Environmental group rallies to ban fracking in Maryland

By Heather Wanner
Baltimore Watchdog Staff Writer

Sen. Joan Carter Conway.

Sen. Joan Carter Conway.

Anti-fracking activists of the Baltimore area rallied outside of state Sen. Joan Carter Conway’s office Monday afternoon to urge her to support a fracking ban in Maryland.

Demonstrators said they want the Baltimore City Democrat to support a bill in next year’s legislative session that would extend the current two-year moratorium on fracking, which is scheduled to expire next October.

Organizers of the rally said the legislative session that will run from January through April is the last chance for a ban to be placed on fracking in Maryland.

Conway, the chairwoman of the education, health, and environmental affairs committee in the Maryland state Senate, has been a leader on environmental issues, helping to pass the Maryland lead paint laws.

“Senator Conway has a lot of control as to how the bill will move forward and is a champion for environmental issues so we want her support,” said Rianna Eckel, a member of the Food and Water Watch Organization, which advocates for clean water and environmental protection.

Conway was not available for comment.  Conway’s office said they had no knowledge of the rally taking place.

Hydraulic fracturing is the process of drilling into rock and shale to install wells to produce oil or natural gas.  Over 21 states around the country currently allow fracking.

Anti-fracking activists gathered outside of Senator Conway's office in an attempt to gain her support. Photo by Heather Wanner.

Anti-fracking activists gathered outside the office of state Sen. Joan Carter Conway, D-Baltimore, in an attempt to gain her support. Photo by Heather Wanner.

Fracking has stirred up controversy after it has been shown to poison water, pollute the air and cause harmful industrial explosions.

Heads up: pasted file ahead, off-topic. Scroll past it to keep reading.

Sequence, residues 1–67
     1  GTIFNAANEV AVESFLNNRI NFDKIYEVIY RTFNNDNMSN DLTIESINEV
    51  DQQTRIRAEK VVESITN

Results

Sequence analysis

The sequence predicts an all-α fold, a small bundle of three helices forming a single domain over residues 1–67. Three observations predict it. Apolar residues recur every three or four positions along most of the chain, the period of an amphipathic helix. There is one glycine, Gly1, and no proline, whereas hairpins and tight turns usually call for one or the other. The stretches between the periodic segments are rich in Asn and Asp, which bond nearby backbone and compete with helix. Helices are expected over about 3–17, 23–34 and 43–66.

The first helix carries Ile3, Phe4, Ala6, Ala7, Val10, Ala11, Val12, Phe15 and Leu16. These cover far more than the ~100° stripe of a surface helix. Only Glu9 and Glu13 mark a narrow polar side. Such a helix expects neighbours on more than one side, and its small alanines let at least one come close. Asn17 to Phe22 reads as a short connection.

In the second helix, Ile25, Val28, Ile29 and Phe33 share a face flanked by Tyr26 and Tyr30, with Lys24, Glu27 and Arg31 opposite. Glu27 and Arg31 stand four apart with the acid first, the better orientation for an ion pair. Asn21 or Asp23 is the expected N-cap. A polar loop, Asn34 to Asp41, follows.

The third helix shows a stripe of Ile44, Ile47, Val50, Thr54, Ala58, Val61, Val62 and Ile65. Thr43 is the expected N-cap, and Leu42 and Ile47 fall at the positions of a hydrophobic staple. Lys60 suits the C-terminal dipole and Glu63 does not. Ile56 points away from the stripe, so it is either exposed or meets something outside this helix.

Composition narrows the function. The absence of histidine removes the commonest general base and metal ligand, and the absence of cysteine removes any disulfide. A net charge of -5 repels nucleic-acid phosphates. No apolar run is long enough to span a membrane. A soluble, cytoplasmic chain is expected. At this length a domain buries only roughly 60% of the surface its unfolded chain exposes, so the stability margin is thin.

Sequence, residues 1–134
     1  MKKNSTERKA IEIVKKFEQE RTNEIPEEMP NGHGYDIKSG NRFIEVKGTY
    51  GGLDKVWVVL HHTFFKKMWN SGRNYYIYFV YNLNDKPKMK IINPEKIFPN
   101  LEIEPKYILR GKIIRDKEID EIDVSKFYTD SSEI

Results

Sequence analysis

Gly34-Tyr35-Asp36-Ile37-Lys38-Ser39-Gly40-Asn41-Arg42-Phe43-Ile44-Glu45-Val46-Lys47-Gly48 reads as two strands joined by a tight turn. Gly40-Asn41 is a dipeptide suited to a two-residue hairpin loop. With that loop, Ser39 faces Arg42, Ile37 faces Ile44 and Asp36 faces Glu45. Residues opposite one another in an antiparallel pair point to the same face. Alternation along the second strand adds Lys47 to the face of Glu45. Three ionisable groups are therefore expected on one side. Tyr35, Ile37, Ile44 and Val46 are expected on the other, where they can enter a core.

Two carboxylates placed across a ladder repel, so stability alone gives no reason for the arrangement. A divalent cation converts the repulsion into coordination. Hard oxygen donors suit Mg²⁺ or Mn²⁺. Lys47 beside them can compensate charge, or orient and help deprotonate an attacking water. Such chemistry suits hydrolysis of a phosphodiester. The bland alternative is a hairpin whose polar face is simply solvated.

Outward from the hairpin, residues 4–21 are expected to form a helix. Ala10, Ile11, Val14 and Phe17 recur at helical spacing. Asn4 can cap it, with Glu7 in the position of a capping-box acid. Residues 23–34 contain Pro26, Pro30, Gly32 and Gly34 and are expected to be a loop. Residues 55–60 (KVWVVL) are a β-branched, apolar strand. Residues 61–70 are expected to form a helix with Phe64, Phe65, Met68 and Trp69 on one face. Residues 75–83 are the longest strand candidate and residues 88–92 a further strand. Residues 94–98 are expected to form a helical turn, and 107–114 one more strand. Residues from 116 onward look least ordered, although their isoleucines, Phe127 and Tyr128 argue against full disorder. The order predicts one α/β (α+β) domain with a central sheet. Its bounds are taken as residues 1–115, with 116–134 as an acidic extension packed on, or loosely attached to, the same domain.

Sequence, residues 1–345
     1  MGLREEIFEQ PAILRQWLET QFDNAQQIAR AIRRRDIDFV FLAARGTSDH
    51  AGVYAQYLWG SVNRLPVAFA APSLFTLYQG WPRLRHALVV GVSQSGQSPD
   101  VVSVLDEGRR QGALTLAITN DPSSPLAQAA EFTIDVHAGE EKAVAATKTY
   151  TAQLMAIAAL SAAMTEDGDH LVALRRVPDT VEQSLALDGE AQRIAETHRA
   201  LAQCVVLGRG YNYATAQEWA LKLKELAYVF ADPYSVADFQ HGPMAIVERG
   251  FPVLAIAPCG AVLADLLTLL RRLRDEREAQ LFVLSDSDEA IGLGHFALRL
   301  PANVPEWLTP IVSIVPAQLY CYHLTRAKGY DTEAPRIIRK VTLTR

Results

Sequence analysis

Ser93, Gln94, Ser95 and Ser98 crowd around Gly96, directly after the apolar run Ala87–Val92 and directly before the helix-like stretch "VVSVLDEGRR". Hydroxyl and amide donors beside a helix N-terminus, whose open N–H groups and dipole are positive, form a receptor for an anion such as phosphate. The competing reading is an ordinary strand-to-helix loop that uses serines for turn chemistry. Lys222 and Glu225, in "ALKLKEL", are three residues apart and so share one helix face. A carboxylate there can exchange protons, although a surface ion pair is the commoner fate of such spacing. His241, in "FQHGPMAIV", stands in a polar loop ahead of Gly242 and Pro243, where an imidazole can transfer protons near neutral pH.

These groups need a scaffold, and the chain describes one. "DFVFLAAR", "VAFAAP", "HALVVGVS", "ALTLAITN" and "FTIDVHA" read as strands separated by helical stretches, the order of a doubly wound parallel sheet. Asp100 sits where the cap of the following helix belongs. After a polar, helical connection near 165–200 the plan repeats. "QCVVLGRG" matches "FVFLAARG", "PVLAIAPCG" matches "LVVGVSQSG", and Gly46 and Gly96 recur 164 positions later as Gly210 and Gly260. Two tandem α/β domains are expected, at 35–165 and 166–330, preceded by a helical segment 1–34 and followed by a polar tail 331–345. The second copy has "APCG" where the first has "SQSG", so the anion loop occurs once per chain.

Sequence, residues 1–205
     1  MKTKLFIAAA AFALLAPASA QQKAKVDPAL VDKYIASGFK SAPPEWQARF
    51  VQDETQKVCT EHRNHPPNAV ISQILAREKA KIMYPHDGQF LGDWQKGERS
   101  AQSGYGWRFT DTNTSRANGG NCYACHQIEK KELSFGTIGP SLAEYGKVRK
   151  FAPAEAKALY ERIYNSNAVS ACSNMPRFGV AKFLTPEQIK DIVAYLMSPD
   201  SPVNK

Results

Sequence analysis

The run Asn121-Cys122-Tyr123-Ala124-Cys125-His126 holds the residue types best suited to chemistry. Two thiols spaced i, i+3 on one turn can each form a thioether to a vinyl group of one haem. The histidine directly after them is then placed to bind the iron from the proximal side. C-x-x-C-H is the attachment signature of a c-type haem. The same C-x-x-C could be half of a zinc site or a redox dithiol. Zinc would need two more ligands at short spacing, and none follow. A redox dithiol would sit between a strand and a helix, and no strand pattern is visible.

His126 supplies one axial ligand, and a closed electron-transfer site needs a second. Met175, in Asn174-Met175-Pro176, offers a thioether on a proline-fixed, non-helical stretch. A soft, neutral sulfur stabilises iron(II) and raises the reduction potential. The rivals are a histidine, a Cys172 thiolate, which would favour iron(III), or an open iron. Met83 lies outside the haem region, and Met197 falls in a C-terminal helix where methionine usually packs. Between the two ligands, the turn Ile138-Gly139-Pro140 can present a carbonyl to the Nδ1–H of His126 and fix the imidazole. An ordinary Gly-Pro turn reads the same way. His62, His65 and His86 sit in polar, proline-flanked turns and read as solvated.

The FWW believes the moratorium does not allow enough time for more analysis of the long-term health effects of fracking.

“We’re not facing the realities we need to, we are putting so much at risk by not banning fracking,” said Andy Heinz, an anti-fracking activist who was one of 13 people who attended Monday’s rally outside of Carter Conway’s office on Hillen Road in Baltimore.

Supporters of fracking say it has been a fundamental oil and gas producing process for energy, and can be done safely.

“When fracking is done properly, by using safety precautions and regulations, it is very beneficial,” said Pat Conlon, the vice president of Harding Holdings, Inc., an oilfield development company.  “This includes taking steps to minimize the risks of spills, strengthening the well systems, and using non-toxic chemicals to protect the land and water.”

But opponents argue that the process is not always performed properly and cautiously.

“The concerns are that oil and gas companies are all driven by profit and take chances or unnecessary process risks that are causing the harm,” Conlon said.

Monday’s rally was the kick off to the FWW’s statewide week of action to encourage officials to ban fracking during the upcoming legislative session.  The week of action includes other events and rallies all around the state through Friday.

“Fracking will threaten the water we drink, the air we breathe, the communities we love, and the climate in which we live,” Eckel said.

The Baltimore City Council passed a resolution calling for a permanent, statewide ban on fracking later Monday evening.

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